Politeness will not end poverty
My colleagues over in the editorial department at the Daily News got our collective knickers in a righteous knot this past week over exactly what is the oh-so-polite and proper way to express one’s… well… one’s discontent with the seeming failure of our political betters to manage to accomplish anything more meaningful than make promises they don’t keep, or "talk, talk, talk" about the absolutely critical, highest-priority, job-one importance of wrestling poverty into submission.
Which is what led the paper, in a Tuesday editorial about a protest by the Halifax Coalition Against Poverty, to harrumph: Antipoverty Group Makes Wrong Point.
The day before, about 20 members of the coalition had briefly taken over a local welfare office, chanting slogans to bring attention to their demands, which included doubling current income-assistance rates, pegging welfare to the Consumer Price Index, making those on student loans eligible for financial aid and ending the claw-back of the wages of income-assistance recipients. Although one protester was charged with assault, the demonstration itself was generally peaceful and the group dispersed when police asked them to.
Coalition spokesperson Keli Bellaire said that the brief occupation was a reaction to the group’s ongoing, never-ending frustrations dealing with the provincial Department of Community Services. "They don’t do anything. They talk and talk, and they won’t change," Bellaire told reporter Stephane Massinon.
While conceding that the group’s demands deserved "serious consideration," our editorial went on to call the protest itself a "reckless and dangerous publicity stunt," and said it would not help their cause. By contrast, the paper praised Oxfam Canada’s recent Hunger Banquet that "graphically demonstrated the widening gap between rich and poor" as "helpful." The day before, in another editorial, the paper was equally effusive in describing Nova Scotians’ participation in an International Stand Up Against Poverty campaign as "a worthy cause — and an urgent one as well. The more attention this matter gets, the better."
But the problem is not our lack of attention to the issue of poverty; the problem is our lack of action to end it.
You will remember that in 1989, our parliamentarians unanimously committed themselves — and us — to eliminating child poverty by the year 2000. On July 21, 2006, Campaign 2000: End Child Poverty in Canada, an umbrella group of more than 120 earnestly polite antipoverty groups, wrote yet another polite letter to Canada’s political leaders reminding them that over 1.2 million Canadian children — one in six — still live in poverty. According to UNICEF, in fact, our child poverty rate is the nineteenth worst among 26 OECD nations.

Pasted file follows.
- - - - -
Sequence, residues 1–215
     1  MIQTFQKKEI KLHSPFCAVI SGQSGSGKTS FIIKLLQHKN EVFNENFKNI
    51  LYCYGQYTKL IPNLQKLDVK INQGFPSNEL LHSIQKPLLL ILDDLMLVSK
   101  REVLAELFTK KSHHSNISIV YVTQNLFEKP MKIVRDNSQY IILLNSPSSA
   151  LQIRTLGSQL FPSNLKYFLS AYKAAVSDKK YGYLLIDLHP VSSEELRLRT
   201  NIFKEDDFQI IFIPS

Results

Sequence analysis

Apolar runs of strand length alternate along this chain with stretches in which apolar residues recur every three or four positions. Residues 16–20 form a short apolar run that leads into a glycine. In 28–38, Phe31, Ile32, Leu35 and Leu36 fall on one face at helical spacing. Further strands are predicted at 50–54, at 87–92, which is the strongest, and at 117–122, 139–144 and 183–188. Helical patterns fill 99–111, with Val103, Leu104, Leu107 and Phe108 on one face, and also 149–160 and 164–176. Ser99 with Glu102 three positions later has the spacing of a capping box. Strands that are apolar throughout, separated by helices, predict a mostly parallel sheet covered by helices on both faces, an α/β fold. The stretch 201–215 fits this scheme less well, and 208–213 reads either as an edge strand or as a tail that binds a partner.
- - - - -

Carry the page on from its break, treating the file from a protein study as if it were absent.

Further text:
Two months ago, the National Council on Welfare, an advisory group to the federal government, published a report showing that, even adjusting for inflation, the incomes of most welfare recipients are now lower than they were 20 years ago. To cite just one close-to-home example, the annual social assistance income of a person with a disability in Nova Scotia declined from $11,241 in 1991 to just $8,897 in 2005, a drop in constant dollar figures of 20.9 per cent.
Council chairperson John Murphy rightly described the situation — politely, of course — as "shameful and morally unsustainable in a rich country."
The Council pointed out it would take $21.6 billion to bring all low-income Canadians up even to the poverty line. That may sound like a lot, but compare it to Canada’s gross domestic product of more than $1.2 trillion, and Murphy’s characterization of our response to poverty in our midst as “shameful” becomes more understandable — and more shameful.
Just as it is shameful for Premier Rodney MacDonald — whose government is first in line to shell out tax dollars to profitable multinational corporations like Michelin, and who, along with the rest of his legislative colleagues, is in line for a significant salary increase — to dismiss out of hand the coalition’s demands by claiming "we only have so many dollars and we have to live within our fiscal framework."
And shameful too for those of us who live in glass editorial houses to insist that those who speak out on behalf of the poor should continue to entertain us with Hunger Banquets and other polite reminders of poverty while we collectively continue to do nothing to deal with the issues they politely raise.
Stephen Kimber, the Maclean Hunter Professor of Journalism at the University of King’s College, is the author of five nonfiction books as well as, Reparations, a novel published this spring by HarperCollins.